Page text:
Flix 66 – Right, even if they all happen, they just don’t have to happen to you.

Morrison – Exactly. And that’s part of what I accept and understand but is hard for people. It’s not, it’s not a sad ending in the sense that like is, uh, can be very powerful. Like the kind of movies where you say ‘that ending is so sad, it makes me feel so much’… but it’s a happy ending that we are, to a degree, denied a chance to participate in. Convince your friends they’re going to like that movie. “It’s got the great happy ending that you’re denied a chance to participate in!” – but that’s the thing, that’s what I really was compelled by, you know?

Flix 66 – How did you make that happen, then? This is not a world, Hollywood, where this is accepted.

Morrison – You mean how did the movie come to exist?

Flix 66 – How did you keep that heart, which is obviously crucial to the story?

Morrison – Well, I’m glad that you feel like we did. That’s where the relentlessness comes through. That’s why you see it in the version of the movie that one can see now… it’s a movie that experienced a kind of tug of war. And that’s why, it might… I think that the reason the movie I described was allowed to exist was because it was mistaken for “Paul Rudd and Paul Giamatti sell Christmas trees!”

Flix 66 – Right.

Morrison – So I swear to god… I begged people to let everyone know in advance that it’s really ‘Paul Giamatti is declared dead and must come to terms with that idea. You know? And so in the end it’s this weird hybrid of those two things, for better and for worse, you know? But I think that kind of makes it cool, in that way.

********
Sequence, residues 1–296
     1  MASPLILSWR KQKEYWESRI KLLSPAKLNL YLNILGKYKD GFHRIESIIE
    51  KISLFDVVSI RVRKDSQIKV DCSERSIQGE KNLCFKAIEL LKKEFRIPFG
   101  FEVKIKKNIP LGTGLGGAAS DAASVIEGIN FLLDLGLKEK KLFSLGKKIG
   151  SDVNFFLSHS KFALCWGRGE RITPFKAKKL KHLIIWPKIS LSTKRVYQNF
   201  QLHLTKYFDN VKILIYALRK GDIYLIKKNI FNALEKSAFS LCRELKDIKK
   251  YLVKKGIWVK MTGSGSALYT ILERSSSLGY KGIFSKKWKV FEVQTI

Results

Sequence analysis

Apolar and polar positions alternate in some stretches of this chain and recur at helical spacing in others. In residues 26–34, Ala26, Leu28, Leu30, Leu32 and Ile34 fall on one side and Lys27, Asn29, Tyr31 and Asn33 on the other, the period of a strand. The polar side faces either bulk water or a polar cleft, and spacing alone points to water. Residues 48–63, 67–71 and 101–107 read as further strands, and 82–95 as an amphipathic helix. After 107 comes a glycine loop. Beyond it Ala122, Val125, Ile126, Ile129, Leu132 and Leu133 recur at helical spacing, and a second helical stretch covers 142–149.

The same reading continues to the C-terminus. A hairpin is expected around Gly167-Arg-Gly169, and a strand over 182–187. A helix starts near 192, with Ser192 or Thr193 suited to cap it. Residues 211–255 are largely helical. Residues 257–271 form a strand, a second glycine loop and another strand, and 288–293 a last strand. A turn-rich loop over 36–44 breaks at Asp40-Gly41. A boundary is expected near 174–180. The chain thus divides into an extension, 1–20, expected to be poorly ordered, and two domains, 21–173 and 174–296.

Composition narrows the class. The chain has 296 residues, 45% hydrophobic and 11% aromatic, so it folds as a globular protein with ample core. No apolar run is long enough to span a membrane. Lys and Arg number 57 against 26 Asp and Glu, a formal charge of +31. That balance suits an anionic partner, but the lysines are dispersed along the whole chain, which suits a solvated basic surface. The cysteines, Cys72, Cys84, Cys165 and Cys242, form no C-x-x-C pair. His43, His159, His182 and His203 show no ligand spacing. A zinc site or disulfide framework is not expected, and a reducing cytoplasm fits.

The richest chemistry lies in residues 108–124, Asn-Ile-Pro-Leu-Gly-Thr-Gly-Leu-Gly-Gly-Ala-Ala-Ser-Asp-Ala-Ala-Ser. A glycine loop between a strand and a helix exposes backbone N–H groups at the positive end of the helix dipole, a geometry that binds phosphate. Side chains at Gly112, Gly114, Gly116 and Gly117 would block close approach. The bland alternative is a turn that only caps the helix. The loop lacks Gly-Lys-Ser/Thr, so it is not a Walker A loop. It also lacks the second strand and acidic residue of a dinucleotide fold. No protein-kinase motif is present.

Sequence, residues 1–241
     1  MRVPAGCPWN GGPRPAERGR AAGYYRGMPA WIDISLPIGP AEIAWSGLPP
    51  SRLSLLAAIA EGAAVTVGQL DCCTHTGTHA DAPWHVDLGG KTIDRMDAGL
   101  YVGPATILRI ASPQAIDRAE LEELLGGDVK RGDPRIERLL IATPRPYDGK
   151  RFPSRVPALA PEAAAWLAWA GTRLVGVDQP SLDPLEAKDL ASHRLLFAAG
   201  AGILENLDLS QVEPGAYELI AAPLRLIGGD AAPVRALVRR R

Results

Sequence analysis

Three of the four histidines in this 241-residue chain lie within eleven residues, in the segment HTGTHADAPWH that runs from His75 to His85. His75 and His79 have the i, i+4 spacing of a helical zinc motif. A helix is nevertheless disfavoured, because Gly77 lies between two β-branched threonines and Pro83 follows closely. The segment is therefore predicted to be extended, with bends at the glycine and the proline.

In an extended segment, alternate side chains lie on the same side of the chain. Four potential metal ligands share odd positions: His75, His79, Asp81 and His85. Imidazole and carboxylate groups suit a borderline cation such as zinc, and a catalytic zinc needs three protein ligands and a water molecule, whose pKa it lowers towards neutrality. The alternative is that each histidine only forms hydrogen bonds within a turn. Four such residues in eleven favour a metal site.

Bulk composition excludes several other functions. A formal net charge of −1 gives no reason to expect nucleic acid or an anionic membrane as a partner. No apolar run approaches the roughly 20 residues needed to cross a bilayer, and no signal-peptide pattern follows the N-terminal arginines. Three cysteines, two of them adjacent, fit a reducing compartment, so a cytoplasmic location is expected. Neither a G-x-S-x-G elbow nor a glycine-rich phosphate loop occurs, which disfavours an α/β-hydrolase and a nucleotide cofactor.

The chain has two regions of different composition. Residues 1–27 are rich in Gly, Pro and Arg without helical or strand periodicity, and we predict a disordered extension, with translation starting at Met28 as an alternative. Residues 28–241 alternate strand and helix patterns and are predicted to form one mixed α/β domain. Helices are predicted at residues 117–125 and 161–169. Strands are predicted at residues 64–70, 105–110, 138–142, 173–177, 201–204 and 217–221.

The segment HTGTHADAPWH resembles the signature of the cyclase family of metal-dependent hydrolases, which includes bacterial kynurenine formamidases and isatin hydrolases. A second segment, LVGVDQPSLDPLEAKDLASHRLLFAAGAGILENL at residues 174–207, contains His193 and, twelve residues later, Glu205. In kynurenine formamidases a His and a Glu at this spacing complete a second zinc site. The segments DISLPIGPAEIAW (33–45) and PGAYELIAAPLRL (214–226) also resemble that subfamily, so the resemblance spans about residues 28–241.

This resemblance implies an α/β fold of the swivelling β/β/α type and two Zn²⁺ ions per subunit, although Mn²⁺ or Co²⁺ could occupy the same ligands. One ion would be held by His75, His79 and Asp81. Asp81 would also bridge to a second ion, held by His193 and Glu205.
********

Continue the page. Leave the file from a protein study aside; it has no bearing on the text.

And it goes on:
Flix 66 – It’s another layer. And it adds a layer… but there are certain moments where you start to root even more strongly for Dennis, maybe even more strongly than you would have… not having seen the original cut of the movie. Dennis and Rene kind of start to switch roles and Rene falls apart…

Morrison – That’s another thing that is kind of happening… the extent to which these guys are trying to deal with living in an honest economy rather than being thieves. That’s another separate element of the story. Rene is a romantic… though he’s earned the right to be the father in this family; he still has romantic ideas about how all that will go. Giamatti’s character, Dennis, is forced to be more pragmatic about how to live in a non-seething world. I think that’s why Rene breaks down. He wants to believe that the world will be automatically good to him, and then he sees that isn’t necessarily the case.

All is Bright

Flix 66 – Thank you so much for your time today. Finally, our signature question – What is your favorite movie of all time and why?

Morrison – Oh man! Well, I’m sure everybody you ask always gives the caveat of “if you asked me 10 minutes from now I’d pick something different. But I’m going to pick THE LIFE AND DEATH OF COLONEL BLIMP. For kind of similar reasons to what we’ve been talking about. It kind of beautifully explores what it’s like to live in a world where there is much beautiful about it, but it’s not dependent on getting what you want. That happens a lot and I think that movie conveys that beautifully. So I pick that one.

Flix 66 – Thank you. I really appreciate your time.

Morrison – Thank you Aaron.

ALL IS BRIGHT was being released on DVD and Blu-ray by Anchor Bay Entertainment on Nov. 19th and stars Paul Rudd, Paul Giamatti, Sally Hawkins, and Amy Landecker.